What You Should Know about Wisdom Teeth Extraction
The removal of wisdom teeth is an extremely common practice nowadays, with many young adults expecting to lose their wisdom teeth without even knowing why. However, there are good reasons for extracting these teeth in some patients, and some certainly benefit from the procedure more than others.
By understanding why wisdom teeth may need to be removed, and through consultation with your cosmetic dentist, an informed decision can be made regarding extraction. Here is what you should know about this procedure, and why it is recommended for many of our Wilmington patients.
What Are Wisdom Teeth?
Unlike the rest of our adult teeth, the third and final set of molars does not begin to appear until late adolescence or early adulthood – usually between the ages of 17 and 25. These teeth are more commonly called wisdom teeth, as patients have already exited childhood before they come in.
Although a third set of molars was once useful for the dietary needs of early humans, our jaws have since evolved in a way that provides little space for them to properly grow. As a result, many people’s mouths are negatively affected by the eruption of wisdom teeth, often leading to a variety of dental problems. Dentists therefore suggest removal of the third molars if there’s any indication that they may result in future complications.
When Should Wisdom Teeth Be Removed?
Whether wisdom teeth should be preventatively extracted depends on how they are expected to grow in. Ideally, dentists will track the progress of wisdom teeth during routine check-ups, through which a professional diagnosis can be given. Most potential problems come from a lack of adequate room in the mouth for new teeth, leading to any of the following:
- Wisdom teeth that are unable to erupt at all, leading to impaction, in which they are stuck beneath the gums. This can lead to additional problems, such as cysts, bone damage, and infection.
- Wisdom teeth that grow in partially, but portions of them are still stuck. In many instances, gum tissue grows over the partially-erupted teeth, leading to discomfort and possible infection.
- Wisdom teeth that grow at an improper angle, such as facing to the side or the back of the mouth.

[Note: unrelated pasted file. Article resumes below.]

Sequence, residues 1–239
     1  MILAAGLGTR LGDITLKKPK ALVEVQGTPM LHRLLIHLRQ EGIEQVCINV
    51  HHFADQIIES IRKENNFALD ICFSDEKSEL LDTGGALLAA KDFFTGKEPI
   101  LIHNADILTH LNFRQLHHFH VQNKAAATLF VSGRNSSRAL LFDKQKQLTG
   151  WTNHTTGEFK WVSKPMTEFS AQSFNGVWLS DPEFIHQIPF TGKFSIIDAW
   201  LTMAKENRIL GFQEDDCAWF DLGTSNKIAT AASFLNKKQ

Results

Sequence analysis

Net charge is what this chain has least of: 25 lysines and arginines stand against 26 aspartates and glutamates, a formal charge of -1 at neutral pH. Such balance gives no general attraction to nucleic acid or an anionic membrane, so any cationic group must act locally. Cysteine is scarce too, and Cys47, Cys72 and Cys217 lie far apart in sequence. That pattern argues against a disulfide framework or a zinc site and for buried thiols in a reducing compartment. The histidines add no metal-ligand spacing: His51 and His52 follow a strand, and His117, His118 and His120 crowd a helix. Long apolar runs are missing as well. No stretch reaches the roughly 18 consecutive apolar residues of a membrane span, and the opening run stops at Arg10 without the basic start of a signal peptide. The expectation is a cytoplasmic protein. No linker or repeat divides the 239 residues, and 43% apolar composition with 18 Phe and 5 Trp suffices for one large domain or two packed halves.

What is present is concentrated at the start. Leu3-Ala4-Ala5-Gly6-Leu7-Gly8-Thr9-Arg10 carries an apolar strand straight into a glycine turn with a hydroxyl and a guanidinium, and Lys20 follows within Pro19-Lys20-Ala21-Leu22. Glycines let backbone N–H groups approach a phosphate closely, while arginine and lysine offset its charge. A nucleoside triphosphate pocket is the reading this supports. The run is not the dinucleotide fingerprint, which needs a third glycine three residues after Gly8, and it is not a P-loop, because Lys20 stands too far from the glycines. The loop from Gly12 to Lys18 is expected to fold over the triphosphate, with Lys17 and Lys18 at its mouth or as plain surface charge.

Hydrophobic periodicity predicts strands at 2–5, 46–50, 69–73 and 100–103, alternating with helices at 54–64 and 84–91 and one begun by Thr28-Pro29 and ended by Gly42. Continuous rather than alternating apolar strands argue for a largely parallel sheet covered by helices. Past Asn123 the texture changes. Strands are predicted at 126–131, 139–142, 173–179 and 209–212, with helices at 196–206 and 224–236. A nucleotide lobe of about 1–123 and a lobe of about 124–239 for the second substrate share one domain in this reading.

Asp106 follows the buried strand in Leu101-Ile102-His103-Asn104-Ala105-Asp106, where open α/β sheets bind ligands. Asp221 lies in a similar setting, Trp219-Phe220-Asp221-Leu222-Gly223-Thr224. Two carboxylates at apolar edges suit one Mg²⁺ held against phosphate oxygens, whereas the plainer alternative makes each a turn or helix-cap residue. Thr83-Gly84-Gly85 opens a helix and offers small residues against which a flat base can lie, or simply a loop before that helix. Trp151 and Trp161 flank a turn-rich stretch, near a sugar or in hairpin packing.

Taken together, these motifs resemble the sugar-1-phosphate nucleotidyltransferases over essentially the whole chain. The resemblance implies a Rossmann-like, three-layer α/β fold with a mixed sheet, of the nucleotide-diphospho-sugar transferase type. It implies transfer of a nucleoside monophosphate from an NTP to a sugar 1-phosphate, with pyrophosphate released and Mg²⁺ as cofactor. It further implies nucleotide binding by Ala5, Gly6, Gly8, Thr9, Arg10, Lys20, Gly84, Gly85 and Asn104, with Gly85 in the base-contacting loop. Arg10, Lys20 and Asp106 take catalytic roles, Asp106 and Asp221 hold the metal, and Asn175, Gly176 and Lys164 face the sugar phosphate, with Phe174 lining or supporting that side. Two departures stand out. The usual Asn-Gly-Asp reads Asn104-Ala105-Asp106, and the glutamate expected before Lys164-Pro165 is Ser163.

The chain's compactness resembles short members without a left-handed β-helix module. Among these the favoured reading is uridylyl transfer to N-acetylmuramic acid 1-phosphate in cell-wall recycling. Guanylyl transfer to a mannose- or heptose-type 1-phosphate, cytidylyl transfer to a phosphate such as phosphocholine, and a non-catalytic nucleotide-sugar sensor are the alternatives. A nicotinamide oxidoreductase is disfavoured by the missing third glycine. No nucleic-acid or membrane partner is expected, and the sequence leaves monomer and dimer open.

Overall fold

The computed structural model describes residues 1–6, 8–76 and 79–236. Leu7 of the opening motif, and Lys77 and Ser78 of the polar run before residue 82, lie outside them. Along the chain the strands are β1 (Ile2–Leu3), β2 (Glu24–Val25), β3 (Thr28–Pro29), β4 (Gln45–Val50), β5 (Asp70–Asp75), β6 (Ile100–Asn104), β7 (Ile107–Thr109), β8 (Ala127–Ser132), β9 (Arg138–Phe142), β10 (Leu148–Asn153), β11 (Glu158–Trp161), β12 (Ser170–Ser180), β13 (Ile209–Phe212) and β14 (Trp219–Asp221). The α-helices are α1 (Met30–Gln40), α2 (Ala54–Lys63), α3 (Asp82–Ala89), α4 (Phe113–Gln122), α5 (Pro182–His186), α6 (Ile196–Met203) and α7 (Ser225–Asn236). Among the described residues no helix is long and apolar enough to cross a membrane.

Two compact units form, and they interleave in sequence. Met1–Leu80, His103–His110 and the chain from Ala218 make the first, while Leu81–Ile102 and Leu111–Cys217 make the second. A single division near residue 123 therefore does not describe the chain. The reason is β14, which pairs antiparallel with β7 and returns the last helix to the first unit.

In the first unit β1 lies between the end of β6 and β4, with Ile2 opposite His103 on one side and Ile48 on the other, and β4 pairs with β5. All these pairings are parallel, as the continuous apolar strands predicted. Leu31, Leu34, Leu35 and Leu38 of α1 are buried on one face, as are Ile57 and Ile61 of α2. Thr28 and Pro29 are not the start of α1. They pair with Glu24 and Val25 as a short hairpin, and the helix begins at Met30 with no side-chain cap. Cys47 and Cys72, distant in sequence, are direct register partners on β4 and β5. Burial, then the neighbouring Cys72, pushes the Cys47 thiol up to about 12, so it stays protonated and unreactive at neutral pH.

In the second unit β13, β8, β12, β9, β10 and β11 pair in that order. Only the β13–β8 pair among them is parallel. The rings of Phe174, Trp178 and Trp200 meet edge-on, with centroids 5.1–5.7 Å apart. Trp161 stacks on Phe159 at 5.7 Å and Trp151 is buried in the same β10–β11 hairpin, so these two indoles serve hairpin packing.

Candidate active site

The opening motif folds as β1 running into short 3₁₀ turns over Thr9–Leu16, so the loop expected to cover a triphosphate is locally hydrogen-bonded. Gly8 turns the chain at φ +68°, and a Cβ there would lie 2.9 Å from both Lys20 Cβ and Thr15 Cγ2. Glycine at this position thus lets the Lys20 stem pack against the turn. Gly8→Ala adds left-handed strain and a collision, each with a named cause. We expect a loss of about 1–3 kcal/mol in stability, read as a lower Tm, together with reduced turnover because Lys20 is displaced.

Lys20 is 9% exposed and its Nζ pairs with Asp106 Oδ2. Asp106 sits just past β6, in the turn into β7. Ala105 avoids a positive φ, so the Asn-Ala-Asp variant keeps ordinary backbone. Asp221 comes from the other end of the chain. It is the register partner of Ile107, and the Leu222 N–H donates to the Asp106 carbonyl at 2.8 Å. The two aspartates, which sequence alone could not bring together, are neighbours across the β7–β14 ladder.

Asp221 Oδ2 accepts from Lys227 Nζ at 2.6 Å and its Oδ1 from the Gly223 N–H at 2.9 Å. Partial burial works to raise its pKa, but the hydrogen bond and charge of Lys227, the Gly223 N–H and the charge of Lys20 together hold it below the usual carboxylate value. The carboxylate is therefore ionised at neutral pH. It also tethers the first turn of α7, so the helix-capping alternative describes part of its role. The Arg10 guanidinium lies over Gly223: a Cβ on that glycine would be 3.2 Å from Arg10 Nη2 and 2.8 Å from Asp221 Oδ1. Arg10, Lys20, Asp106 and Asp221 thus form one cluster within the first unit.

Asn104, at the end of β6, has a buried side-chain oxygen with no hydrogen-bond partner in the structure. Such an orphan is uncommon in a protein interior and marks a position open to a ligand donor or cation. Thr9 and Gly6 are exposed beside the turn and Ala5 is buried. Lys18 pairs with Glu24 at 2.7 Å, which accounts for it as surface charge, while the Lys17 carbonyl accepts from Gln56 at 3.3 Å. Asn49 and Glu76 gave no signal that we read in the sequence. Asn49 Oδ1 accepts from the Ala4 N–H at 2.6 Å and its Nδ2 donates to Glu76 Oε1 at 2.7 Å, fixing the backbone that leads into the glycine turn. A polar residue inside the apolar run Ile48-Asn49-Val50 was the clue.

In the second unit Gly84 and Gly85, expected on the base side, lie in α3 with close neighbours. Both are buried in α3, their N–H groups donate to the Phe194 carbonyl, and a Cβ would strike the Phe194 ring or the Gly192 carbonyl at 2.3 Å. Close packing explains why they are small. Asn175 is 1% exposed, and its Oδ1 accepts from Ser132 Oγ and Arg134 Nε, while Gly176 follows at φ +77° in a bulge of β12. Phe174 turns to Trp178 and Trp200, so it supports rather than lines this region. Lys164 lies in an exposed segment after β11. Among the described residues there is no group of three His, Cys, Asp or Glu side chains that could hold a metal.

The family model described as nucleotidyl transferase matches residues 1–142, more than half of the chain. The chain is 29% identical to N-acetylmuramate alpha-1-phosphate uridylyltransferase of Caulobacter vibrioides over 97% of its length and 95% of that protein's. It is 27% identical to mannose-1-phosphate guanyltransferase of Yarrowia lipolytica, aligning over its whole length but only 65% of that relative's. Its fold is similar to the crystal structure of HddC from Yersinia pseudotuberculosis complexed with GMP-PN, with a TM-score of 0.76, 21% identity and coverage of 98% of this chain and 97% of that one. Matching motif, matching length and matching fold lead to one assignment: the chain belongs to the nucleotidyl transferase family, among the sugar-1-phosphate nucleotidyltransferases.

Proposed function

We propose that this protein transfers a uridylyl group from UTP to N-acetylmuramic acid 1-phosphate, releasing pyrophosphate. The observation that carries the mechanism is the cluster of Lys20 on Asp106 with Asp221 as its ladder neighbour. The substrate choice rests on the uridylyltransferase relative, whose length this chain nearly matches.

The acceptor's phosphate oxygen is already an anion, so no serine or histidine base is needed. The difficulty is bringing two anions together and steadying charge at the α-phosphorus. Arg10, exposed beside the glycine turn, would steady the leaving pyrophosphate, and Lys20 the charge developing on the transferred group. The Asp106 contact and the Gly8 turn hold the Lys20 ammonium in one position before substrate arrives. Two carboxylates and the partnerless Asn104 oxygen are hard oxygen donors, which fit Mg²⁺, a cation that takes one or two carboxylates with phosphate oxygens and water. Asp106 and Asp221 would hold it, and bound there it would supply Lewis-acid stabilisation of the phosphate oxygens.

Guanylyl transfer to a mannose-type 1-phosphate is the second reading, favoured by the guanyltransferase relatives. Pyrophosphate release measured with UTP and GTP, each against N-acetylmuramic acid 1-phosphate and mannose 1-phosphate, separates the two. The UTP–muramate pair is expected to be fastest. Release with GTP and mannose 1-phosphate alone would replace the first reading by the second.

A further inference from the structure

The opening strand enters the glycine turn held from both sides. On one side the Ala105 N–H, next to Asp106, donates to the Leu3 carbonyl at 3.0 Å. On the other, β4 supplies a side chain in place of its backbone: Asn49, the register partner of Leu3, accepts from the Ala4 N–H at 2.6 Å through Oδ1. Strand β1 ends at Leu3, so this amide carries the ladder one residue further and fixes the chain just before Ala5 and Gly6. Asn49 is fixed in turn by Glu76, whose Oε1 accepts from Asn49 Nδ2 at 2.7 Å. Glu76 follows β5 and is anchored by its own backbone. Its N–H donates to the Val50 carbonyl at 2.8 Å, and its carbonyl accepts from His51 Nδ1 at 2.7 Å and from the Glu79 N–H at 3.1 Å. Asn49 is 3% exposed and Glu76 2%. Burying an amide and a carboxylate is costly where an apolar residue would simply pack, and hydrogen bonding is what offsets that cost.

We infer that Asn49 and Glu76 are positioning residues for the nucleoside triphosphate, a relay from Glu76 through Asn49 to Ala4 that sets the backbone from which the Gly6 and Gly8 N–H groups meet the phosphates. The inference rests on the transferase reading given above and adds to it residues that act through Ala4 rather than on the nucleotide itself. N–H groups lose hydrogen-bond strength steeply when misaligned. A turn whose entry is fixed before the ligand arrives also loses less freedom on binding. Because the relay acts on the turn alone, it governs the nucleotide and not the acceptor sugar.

- Wisdom teeth that grow into adjacent teeth, creating crookedness in the area and negatively affecting one’s bite.
If any of these problems are left to develop, they may require more costly and complicated restorative dentistry treatment. In order to prevent these risks, consult your dentist at, or prior to, the first indication of the growth of wisdom teeth.
If your wisdom teeth are recommended for removal, the extraction process can be performed in a single visit with few risks. Depending on the nature of your surgery, you may be given general anesthesia or a combination of local anesthesia and sedation beforehand. The procedure proceeds as follows:
- For each tooth to be extracted, a small incision will be made in the gum line.
- Soft connective tissues and, in some cases, pieces of bone tissue will be separated from the tooth, loosening it from the jaw.
- The tooth will be extracted, sometimes in pieces for easier removal.
- The incisions will be sutured and gauze will be applied to limit post-operative bleeding. Depending on the stitches used, they may dissolve on their own or need to be removed at a later date.
Risks and Recovery
After surgery, you may experience bleeding from the area throughout the rest of the day. The application of gauze and light pressure should be enough to control this; if bleeding persists after 24 hours, contact your dentist.
Throughout the first week of recovery, it is best to limit exercise and movement that forces you to lower your head. Additionally, a diet of soft foods is especially helpful for healing and to avoid re-opening the incisions. Similarly, avoid touching the area of surgery or irritating it while brushing. While patients experience varying degrees of discomfort, painkilling medication can be prescribed by your dentist for an easier recovery. In many cases, over-the-counter medication is enough to curb patients’ pain.
Although complications from wisdom teeth removal are rare, any oral surgery does pose a limited risk of infection. Any significant pain or inflammation that does not recede may be indicative of an infection, especially when accompanied by a fever. Consult your dentist if any signs of illness or similar complications are present.
Don’t Let Problems Grow
Not everyone requires the removal of their wisdom teeth, but only a professional and experienced dentist can help you make the right decision. Contact our office to schedule a consultation and learn how we can ensure the continued health of your smile.
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